There is nothing like food to bring people together. The holiday season is rich with traditions around the kitchen table that strengthen our families and communities. Yet for many these traditions are under threat from a broken food system that leaves people hungry.
It's a sad reality that as we gather with our families and friends this holiday season to share a meal, there are far too many who will go hungry. Food bank use in Ontario hit a record high in 2012 -- 412,998 individuals visited an Ontario food bank in March alone. Children represented 38.7 per cent or 159,918 of these users. In the past year, 1,123,500 people in the GTA alone used a food bank. This is unacceptable.
We can all make a difference right now. I encourage everyone to make a holiday donation to your local food bank. I am dropping off a pile of donations from our holiday food drive tomorrow.
But this is not enough. We need to address the root causes of poverty that lead to hunger, and to do this we need a comprehensive plan and committed political leadership.
The province has the financial resources to reduce poverty and pollution even in these tough economic times. It's a matter of priorities. Right now, Ontario lacks the political leadership to establish the right budget priorities to get the job done.
We also need to make sure we have vibrant local sustainable farms. As the largest employer in Ontario, the food and farming sector is a driver of economic success and enriches our quality of life.
Unfortunately, Ontario's ability to feed itself is in decline because we are losing farmers and farmland. The average of age of farmers is going up and the number of young people farming is going down. According to Stats Canada 48.3 per cent of farmers are over 55 and only 8.2 per cent are under 35. The province is losing farmland at an alarmingly unsustainable rate -- 650,000 acres in the past five years. That is equivalent to losing around 85 per cent of Toronto's land mass every year. This is alarming when only 5.6 per cent of Ontario's land is suitable for growing food.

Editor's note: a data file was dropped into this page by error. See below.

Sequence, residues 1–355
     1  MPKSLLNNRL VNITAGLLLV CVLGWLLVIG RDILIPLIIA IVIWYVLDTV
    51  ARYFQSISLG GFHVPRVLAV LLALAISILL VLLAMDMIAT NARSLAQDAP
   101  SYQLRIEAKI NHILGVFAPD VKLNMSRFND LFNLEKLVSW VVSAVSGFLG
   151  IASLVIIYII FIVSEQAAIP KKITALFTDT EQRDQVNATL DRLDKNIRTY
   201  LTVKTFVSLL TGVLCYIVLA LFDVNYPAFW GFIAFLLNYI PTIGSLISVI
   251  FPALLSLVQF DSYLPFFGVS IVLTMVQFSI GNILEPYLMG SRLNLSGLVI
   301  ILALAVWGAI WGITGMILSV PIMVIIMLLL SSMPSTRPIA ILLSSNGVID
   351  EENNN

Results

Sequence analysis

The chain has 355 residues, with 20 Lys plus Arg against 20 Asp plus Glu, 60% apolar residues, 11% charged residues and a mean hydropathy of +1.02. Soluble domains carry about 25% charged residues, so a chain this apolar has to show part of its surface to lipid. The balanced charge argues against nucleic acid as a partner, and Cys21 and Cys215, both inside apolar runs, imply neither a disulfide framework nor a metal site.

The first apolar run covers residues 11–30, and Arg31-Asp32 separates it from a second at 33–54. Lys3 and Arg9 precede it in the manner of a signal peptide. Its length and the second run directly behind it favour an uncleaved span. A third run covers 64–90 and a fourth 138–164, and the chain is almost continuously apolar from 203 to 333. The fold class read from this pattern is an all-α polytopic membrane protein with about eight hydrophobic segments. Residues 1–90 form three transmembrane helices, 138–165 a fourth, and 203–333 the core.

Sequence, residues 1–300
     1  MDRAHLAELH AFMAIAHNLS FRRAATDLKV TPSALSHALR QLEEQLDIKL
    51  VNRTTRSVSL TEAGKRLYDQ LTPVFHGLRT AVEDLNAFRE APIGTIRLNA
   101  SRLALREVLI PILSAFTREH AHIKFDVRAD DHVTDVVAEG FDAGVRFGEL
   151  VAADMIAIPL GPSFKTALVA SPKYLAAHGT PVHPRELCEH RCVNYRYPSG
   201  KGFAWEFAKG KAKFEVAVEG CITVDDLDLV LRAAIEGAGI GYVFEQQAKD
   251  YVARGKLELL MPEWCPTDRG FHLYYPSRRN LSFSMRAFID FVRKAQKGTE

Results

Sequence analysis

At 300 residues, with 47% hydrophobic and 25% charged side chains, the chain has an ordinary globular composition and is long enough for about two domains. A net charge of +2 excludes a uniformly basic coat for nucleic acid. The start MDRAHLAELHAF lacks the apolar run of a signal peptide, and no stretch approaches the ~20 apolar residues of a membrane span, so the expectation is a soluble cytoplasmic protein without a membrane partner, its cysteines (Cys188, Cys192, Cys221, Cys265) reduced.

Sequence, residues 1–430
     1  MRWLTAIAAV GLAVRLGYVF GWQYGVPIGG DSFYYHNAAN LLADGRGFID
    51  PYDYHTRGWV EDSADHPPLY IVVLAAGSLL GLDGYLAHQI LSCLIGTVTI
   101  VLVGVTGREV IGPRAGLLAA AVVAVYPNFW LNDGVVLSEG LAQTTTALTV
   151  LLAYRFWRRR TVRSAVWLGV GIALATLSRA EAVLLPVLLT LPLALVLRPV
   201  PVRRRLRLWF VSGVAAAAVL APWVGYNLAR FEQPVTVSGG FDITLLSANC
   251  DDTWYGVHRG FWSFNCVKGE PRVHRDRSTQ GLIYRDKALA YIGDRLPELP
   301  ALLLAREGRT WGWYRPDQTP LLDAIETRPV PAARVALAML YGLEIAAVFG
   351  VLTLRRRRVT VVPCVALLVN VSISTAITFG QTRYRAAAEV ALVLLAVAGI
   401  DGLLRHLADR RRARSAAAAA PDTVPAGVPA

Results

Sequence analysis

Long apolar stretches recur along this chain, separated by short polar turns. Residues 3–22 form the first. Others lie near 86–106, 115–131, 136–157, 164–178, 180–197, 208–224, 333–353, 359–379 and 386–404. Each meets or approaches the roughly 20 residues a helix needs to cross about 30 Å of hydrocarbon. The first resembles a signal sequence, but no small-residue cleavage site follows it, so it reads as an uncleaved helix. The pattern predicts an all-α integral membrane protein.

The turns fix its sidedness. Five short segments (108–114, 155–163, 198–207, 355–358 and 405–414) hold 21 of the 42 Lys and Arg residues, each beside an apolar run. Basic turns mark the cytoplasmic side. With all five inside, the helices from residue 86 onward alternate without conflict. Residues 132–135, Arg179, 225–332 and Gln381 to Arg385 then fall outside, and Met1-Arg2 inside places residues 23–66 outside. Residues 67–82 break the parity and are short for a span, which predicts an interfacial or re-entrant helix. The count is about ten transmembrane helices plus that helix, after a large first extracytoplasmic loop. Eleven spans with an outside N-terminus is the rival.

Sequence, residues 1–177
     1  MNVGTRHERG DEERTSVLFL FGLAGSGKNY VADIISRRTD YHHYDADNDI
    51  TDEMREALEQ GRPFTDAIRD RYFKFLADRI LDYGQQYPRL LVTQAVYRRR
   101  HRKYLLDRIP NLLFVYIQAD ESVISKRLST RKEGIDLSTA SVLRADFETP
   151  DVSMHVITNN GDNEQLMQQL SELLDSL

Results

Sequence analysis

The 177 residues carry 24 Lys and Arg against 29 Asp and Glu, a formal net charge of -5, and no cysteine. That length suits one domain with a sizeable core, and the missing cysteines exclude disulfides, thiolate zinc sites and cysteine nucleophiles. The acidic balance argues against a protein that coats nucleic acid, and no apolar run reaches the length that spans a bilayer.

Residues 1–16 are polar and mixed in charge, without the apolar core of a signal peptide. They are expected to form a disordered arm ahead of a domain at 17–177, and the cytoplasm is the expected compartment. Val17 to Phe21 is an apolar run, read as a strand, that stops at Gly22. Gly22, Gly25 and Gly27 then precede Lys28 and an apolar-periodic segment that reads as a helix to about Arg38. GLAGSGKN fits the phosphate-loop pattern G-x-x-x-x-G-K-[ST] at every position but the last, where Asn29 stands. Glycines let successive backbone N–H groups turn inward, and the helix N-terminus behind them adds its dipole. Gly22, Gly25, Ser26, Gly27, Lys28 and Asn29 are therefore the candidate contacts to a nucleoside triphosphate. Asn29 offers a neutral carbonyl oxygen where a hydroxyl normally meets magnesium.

Ontario needs a Food and Farming Strategy to reverse these trends. It is essential that we develop support programs, regulatory reforms, and land use planning laws that preserve family farms and farmland. We need incentives to reward farmers for good land stewardship practices.
We also need the Ontario government to commit to local food purchasing programs to support farmers and access to healthy local food. Investments in a healthy school food program, for example, help develop lifelong good eating habits, improve health and make connections between local farmers and schools. Food sharing programs like the Good Food Box should be expanded and targeted to priority populations and neighbourhoods.
A healthy food system benefits our economy, health and communities. It enriches our quality of life. Let's put reducing hunger and a strong local sustainable food system at the top of our wish list for 2013.
Original farm image licensed under Creative Commons from David Sky
In British Columbia, a total of 96,150 people used a food bank in March 2012.
In Alberta, a total of 53,512 people used a food bank in March 2012.
In Saskatchewan, a total of 24,621 people used a food bank in March 2012.
In Manitoba, a total of 63,482 people used a food bank in March 2012.
In Ontario, a total of 412,998 people used a food bank in March 2012.
In Quebec, a total of 155,574 people used a food bank in March 2012.
In New Brunswick, a total of 19,524 people used a food bank in March 2012.
In Nova Scotia, a total of 23,561 people used a food bank in March 2012.
In Prince Edward Island, a total of 3,406 people used a food bank in March 2012.
In Newfoundland And Labrador, a total of 27,044 people used a food bank in March 2012.
In the Territories of Canada, a total of 2,318 people used a food bank in March 2012.
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